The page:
The points I made on the radio were:-
  1. I have been dealing with Children's Home abuse cases for 20 years and have never come across a report mentioning that abuse had actually taken place, then being covered up. Usually one only comes across evidence of a blind eye being turned to signs that children were not behaving normally or maybe a child who tried to disclose but did not quite manage to get everything out. 
  2. This shows that the abuse was taking place quite openly at the home rather than happening in secret as usually occurs. 
  3. This report will make the victims very angry that their complaints at the time were not responded to in the proper manner and that those in authority were engaged in a cover up. 
  4. On the one hand it will make them angry because it will bring it all to the surface again. On the other hand it will please them that albeit many years later they have some chance of getting some justice. 
  5. It reinforces the campaign for mandatory reporting, because if it had been possible to complain to an outside body rather than the report being internalised at Rochdale Council, there is a chance that something could have been done at the time, and the scandal uncovered. 
  6. There is no criminal offence of failing to report suspicions of abuse and there should be. Those who buried the report should be held accountable for orchestrating a cover up.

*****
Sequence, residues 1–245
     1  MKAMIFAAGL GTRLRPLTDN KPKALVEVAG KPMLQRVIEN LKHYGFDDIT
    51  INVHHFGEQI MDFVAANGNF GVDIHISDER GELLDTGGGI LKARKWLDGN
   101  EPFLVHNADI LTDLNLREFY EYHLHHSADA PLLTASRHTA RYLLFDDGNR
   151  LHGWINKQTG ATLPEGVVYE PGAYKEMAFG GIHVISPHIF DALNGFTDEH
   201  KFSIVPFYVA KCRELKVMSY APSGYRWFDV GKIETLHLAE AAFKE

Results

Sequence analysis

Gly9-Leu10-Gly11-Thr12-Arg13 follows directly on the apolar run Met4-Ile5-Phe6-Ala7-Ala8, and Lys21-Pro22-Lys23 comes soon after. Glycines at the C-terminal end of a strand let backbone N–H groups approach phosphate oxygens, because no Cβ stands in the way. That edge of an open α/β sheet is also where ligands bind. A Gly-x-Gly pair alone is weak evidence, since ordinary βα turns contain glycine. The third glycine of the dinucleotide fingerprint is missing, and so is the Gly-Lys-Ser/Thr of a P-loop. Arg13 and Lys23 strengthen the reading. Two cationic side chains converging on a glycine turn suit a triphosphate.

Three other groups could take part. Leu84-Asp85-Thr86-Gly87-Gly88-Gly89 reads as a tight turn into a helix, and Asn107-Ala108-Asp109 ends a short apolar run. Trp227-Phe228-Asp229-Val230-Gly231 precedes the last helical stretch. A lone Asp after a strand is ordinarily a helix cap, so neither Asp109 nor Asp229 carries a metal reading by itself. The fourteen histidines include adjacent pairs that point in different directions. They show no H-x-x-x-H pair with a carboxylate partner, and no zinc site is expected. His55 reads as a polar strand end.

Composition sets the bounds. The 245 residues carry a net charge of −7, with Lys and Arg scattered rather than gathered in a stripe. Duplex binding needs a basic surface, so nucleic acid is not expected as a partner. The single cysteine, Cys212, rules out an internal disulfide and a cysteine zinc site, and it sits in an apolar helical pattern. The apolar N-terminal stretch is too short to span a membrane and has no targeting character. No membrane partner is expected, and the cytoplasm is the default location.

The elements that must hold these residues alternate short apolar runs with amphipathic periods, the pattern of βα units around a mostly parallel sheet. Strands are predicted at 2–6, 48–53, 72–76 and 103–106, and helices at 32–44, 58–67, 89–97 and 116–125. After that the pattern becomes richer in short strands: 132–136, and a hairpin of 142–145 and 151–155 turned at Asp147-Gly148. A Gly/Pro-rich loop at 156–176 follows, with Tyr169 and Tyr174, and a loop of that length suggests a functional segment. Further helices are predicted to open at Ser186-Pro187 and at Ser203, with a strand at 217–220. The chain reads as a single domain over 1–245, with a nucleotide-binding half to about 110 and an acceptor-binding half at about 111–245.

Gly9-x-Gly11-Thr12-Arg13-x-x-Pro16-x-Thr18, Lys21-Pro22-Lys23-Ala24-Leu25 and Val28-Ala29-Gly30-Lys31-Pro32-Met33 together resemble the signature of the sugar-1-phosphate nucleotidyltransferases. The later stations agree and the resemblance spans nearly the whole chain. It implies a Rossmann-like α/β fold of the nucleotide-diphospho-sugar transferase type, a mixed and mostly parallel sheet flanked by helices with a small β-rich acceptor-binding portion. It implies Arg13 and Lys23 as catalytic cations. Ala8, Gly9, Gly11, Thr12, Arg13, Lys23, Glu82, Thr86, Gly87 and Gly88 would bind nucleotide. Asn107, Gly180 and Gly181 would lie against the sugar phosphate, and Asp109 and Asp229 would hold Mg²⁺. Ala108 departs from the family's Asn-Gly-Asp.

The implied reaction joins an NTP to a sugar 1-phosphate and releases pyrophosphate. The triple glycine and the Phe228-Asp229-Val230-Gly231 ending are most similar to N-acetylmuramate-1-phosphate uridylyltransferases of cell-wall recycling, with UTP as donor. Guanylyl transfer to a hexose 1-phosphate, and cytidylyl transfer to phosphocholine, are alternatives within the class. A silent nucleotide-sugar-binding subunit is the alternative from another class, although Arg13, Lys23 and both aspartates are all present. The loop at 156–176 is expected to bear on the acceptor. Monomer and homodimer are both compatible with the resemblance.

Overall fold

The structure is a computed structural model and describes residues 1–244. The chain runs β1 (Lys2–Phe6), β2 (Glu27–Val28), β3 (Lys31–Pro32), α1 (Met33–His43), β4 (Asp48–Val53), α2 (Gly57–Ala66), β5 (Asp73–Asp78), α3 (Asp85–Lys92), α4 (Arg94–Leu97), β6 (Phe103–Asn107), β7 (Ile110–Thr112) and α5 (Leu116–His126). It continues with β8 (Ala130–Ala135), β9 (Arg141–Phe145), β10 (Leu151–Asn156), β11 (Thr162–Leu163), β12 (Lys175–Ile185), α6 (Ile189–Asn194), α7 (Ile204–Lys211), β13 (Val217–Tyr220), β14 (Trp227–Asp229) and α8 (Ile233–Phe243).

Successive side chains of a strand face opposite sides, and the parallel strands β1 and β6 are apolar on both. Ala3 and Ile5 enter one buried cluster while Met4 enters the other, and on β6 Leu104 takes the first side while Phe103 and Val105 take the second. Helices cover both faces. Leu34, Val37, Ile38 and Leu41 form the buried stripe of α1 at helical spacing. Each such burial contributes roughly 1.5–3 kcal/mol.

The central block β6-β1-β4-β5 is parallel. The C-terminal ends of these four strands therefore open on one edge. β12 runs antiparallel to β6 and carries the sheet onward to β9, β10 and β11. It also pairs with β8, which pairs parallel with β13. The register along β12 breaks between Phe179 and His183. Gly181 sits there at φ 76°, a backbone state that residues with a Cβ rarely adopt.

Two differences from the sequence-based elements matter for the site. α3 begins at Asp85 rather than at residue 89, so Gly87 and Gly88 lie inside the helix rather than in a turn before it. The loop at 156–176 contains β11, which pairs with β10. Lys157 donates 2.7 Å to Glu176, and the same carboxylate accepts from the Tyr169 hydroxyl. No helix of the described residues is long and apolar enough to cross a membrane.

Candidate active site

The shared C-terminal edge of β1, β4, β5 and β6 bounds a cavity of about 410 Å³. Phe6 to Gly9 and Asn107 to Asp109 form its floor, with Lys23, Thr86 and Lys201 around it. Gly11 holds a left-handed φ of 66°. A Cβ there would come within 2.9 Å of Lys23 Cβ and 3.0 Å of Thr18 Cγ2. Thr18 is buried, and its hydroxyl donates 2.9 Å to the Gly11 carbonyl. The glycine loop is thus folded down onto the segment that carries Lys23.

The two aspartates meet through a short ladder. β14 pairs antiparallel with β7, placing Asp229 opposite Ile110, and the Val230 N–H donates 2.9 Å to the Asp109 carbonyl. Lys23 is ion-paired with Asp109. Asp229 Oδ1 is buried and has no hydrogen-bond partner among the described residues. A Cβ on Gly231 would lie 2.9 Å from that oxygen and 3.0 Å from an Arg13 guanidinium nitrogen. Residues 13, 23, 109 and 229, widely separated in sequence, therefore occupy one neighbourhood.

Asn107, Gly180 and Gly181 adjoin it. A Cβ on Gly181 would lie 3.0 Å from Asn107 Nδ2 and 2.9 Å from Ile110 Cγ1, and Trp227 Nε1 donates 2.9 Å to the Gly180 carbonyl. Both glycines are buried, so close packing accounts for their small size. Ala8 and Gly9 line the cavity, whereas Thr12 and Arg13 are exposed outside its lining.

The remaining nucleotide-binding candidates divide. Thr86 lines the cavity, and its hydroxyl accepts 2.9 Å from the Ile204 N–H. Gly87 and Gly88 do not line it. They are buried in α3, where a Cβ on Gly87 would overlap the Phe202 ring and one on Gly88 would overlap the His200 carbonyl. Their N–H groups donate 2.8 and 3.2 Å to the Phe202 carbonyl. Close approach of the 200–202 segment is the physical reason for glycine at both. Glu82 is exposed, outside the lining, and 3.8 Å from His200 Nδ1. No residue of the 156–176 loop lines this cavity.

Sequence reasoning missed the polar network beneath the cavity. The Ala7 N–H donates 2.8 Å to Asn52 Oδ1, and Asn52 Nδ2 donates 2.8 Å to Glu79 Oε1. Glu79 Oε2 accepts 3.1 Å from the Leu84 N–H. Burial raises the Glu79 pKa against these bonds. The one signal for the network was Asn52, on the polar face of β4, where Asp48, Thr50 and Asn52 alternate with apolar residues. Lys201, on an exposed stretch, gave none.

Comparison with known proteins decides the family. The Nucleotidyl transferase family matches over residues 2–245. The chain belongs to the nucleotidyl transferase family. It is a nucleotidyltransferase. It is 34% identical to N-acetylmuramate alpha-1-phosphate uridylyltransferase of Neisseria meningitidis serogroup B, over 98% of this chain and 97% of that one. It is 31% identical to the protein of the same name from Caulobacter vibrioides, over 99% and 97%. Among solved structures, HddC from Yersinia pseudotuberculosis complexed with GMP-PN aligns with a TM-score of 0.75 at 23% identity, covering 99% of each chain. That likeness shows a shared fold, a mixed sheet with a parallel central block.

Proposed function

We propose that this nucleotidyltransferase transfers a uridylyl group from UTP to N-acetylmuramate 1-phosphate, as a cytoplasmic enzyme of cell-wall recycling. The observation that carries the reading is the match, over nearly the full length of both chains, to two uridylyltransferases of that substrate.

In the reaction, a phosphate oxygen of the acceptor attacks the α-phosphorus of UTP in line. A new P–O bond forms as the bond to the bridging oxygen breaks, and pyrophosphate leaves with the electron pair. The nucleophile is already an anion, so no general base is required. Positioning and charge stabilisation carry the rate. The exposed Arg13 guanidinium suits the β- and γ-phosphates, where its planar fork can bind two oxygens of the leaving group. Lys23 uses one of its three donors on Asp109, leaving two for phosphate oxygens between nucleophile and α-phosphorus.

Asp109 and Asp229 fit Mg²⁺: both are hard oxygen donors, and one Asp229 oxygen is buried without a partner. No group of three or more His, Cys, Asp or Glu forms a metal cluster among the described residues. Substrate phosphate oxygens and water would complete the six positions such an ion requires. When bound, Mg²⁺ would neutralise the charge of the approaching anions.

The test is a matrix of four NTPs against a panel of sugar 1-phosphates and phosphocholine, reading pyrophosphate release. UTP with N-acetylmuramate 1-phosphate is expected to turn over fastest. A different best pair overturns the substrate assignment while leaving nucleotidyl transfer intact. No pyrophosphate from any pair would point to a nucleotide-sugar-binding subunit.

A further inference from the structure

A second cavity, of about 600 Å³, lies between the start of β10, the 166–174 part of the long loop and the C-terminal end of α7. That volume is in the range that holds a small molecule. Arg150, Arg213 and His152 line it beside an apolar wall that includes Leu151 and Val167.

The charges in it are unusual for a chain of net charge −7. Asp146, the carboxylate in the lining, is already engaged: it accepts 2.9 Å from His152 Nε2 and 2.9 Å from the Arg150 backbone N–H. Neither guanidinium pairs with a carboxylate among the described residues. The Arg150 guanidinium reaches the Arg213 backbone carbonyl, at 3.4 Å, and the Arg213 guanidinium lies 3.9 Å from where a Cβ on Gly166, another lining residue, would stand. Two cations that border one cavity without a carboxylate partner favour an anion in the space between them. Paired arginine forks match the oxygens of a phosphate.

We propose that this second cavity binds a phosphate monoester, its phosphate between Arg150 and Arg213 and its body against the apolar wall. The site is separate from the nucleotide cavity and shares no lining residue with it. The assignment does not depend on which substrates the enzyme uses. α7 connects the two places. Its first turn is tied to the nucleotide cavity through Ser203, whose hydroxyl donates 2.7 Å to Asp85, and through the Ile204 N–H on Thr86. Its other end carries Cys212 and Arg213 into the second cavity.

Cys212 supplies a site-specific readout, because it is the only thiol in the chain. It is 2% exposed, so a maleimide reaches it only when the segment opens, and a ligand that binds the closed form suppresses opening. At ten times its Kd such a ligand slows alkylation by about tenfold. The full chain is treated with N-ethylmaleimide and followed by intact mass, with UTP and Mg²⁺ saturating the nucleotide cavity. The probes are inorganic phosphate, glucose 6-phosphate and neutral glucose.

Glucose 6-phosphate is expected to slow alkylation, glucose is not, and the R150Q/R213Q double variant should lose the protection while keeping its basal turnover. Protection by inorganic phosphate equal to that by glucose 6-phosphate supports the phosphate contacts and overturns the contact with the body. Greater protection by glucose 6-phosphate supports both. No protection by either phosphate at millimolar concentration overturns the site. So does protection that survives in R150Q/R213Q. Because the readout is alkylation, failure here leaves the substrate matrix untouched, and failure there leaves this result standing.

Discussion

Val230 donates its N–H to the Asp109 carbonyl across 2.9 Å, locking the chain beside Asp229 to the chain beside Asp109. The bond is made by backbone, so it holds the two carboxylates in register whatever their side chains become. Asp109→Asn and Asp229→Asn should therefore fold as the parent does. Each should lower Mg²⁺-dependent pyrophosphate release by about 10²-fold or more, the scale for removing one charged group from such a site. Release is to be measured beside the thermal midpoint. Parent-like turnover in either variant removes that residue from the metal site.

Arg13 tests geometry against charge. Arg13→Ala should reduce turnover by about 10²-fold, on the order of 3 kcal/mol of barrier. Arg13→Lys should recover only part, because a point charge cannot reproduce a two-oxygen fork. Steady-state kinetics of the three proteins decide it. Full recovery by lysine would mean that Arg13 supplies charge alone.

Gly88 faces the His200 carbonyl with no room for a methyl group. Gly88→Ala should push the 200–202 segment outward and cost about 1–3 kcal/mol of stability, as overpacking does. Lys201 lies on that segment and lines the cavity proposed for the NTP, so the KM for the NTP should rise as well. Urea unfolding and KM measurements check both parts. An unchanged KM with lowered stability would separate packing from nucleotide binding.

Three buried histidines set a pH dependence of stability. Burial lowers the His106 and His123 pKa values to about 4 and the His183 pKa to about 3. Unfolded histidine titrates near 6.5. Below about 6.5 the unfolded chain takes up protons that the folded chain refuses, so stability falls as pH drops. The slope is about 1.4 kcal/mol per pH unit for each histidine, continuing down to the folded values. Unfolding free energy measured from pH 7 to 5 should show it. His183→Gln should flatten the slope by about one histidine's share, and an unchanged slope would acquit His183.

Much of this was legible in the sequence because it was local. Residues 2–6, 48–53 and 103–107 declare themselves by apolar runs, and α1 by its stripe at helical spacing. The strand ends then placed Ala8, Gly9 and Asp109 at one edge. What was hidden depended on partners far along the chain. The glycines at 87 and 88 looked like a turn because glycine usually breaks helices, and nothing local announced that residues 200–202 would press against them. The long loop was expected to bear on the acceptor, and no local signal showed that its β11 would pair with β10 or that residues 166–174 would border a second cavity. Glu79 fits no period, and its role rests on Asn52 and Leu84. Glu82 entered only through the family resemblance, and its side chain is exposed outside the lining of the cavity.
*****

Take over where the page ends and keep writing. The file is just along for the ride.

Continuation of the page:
7. The police will only be able to prosecute the abusers if they are still alive rather than those who buried the complaints, who the victims often feel were more to blame.
For more detail on our mandatory reporting campaign see my separate blog on the subject here.

Friday 16 May 2014

Is it any surprise that more suspects have arisen in the Knowl View Rochdale Cyril Smith scandal?

Cyril Smith
Yesterday it was announced by the police Operation Jaguar, who are investigating the allegations of abuse against Cyril Smith and his connections with the residential home Knowl View in Rochdale that more victims have come forward thus widening the investigation to 21 alleged abusers at the home.

Apparently 7 men have made allegations to the police which will be investigated.

Police said the men claimed they were abused by Smith at Knowl View in Rochdale in the 1970s and 1980s.

Greater Manchester Police (GMP) said there were now 21 suspects, 14 of whom it had identified, including Smith.

Police said three new alleged victims of abuse at Knowl View have come forward bringing the total to ten. Seven of the 10 allege abuse by Smith.